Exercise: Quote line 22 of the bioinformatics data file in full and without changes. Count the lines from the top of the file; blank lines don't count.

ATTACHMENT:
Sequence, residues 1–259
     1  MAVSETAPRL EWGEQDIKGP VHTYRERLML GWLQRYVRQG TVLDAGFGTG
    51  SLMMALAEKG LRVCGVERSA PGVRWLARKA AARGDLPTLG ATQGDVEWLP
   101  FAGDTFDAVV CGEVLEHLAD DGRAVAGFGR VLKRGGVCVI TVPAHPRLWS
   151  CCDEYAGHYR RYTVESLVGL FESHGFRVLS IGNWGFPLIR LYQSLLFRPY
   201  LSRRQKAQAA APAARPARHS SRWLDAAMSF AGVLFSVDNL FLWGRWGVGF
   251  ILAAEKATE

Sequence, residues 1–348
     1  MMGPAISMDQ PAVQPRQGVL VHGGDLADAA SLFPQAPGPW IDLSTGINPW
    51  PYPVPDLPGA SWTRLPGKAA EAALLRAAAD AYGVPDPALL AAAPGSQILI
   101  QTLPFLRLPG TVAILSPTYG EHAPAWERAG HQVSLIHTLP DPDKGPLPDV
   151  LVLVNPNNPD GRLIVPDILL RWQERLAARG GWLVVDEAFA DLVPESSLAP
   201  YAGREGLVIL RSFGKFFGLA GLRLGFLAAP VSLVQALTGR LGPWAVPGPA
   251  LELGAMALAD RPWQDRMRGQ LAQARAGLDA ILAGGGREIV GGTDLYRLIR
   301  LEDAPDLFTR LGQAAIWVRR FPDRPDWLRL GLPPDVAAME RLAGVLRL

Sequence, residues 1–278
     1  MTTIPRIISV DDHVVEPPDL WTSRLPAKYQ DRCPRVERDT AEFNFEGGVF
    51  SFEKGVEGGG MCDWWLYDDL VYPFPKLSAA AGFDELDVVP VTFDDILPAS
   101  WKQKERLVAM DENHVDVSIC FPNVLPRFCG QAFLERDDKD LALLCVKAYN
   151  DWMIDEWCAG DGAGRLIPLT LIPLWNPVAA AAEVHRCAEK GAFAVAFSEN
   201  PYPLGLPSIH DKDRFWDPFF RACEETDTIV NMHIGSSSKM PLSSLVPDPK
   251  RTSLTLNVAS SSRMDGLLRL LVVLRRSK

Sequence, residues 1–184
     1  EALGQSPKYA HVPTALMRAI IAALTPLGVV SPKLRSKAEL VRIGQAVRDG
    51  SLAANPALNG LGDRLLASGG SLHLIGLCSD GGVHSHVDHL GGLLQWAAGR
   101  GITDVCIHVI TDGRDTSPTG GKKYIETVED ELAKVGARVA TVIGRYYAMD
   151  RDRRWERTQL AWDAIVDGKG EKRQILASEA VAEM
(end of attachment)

   251  RTSLTLNVAS SSRMDGLLRL LVVLRRSK